How To Grow Ginger – Everything You Need To Know

Ginger is a perennial plant with multiple uses. It can be used in the kitchen, for sophisticated dishes, soft drinks or cakes, but at the same time, it can be used as a medicinal plant. Ginger tea treats and prevents more affections, including digestive, headaches, cancer, or heart disease. Although it is a plant originated in the Orient, it can be grown successfully in its own garden, if you respect a few requirements.

Choosing ginger rhizomes

It is actually an irregular-looking rhizome. To have your own ginger culture, be it a small one, you need healthy, vigorous rhizomes that show more growth buds. These can be purchased from Asian or hypermarket stores, but you need to be careful because, often, the growth buds of ginger can be torn off.

Before planting, it is recommended to put the rhizomes in a warm water pot for 24 hours. Water will stimulate the growth of buds, but at the same time, it will help eliminate any substances that the rhizome have been sprayed with.

Choosing the right soil for ginger

To develop, ginger, considered one of the world’s most valuable herbs, needs a fertile, greasy and clay soil. Soil drainage is an important aspect because rhizomes do not support surface water stagnation. It is inserted into the ground and covers the ground. Among the rhizomes, it is good to leave a distance of about 15 cm because the plant tends to develop quite a lot. For example, a single rhizome can even give birth to 6 plants.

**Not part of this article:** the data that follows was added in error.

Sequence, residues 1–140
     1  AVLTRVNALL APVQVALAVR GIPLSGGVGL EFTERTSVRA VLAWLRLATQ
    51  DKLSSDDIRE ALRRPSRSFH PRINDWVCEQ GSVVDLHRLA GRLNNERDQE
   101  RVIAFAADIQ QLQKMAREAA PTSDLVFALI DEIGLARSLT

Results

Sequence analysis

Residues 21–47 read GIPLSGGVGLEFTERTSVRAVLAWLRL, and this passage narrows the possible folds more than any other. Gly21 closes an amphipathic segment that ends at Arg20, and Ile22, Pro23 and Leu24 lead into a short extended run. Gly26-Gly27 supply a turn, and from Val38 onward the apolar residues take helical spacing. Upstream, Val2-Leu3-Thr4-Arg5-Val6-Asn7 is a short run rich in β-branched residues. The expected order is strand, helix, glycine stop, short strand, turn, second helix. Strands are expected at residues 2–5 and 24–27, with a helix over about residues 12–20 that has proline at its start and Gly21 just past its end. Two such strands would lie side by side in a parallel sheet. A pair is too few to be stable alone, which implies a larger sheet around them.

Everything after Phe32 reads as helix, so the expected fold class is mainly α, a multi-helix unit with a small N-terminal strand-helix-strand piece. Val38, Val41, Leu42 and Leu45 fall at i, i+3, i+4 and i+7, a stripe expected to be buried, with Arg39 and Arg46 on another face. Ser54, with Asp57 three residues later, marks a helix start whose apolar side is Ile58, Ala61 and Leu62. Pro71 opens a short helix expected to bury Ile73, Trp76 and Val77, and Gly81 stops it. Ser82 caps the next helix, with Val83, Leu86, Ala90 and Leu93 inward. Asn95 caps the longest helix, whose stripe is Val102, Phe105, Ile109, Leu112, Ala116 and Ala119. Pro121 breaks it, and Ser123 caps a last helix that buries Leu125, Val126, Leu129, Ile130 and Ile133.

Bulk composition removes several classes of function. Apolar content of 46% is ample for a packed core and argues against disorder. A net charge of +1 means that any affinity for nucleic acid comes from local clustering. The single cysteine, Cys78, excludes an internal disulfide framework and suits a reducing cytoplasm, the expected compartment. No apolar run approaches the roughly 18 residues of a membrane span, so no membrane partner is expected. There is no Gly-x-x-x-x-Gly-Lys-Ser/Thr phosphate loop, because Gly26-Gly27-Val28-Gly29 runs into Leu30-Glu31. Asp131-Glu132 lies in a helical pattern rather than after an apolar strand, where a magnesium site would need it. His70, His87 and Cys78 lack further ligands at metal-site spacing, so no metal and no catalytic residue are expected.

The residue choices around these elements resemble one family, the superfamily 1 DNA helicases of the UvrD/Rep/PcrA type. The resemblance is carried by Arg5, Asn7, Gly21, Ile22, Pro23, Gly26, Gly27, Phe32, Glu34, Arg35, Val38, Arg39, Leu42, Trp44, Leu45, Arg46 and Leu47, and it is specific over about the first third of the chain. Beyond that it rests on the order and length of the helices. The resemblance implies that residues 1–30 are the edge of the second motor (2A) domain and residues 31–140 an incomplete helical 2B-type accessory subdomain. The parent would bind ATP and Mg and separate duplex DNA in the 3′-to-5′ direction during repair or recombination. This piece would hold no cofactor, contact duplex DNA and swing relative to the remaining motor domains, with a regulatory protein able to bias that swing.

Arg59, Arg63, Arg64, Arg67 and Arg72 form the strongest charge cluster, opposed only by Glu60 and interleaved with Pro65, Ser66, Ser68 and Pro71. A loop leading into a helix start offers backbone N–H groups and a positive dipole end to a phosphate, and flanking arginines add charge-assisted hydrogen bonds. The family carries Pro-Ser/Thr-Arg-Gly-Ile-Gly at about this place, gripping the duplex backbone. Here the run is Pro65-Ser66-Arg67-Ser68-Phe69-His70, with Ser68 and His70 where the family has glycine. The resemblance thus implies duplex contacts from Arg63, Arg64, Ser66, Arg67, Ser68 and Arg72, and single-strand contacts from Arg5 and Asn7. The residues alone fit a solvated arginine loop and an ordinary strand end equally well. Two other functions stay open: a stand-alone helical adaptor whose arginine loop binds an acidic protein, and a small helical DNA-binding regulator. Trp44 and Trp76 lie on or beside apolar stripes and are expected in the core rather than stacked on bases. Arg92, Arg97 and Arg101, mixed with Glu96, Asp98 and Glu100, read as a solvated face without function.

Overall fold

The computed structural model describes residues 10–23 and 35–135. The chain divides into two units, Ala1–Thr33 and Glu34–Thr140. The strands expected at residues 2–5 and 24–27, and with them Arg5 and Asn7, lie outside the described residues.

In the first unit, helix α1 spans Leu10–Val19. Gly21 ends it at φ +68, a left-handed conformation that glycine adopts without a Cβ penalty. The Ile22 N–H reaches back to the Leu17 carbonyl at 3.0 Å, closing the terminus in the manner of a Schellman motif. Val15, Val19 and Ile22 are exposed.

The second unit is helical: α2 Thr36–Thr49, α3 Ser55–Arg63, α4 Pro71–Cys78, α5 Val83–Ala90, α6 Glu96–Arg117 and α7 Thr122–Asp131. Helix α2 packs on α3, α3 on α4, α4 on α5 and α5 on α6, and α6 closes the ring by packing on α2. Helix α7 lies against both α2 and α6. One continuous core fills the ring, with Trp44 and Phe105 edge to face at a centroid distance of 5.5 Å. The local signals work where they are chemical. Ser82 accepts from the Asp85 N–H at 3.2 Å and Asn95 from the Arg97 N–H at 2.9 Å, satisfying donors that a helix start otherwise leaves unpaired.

Light and watering for ginger

The rhizomes need light and heat to grow, but it is recommended not to plant them in a space in direct sunlight. As for watering, these are essential, but they do not have to be abundant.

Ginger harvesting

If you meet the requirements, you can enjoy a first crop 8-10 months after planting. Why does it take so long? Because rhizomes need at least 3 months to begin developing. After 4 months, you can remove a plant from the ground to use the rhizome either as a herb or as an ingredient in the kitchen. At this stage, it will have a weaker flavor, but until it is fully grown, it will become more prominent.

Rhizomes can also be used after you notice that the leaves turn yellow and fall. Keep some rhizomes for a subsequent culture. If you leave them in the ground, the next year the ginger will bloom.


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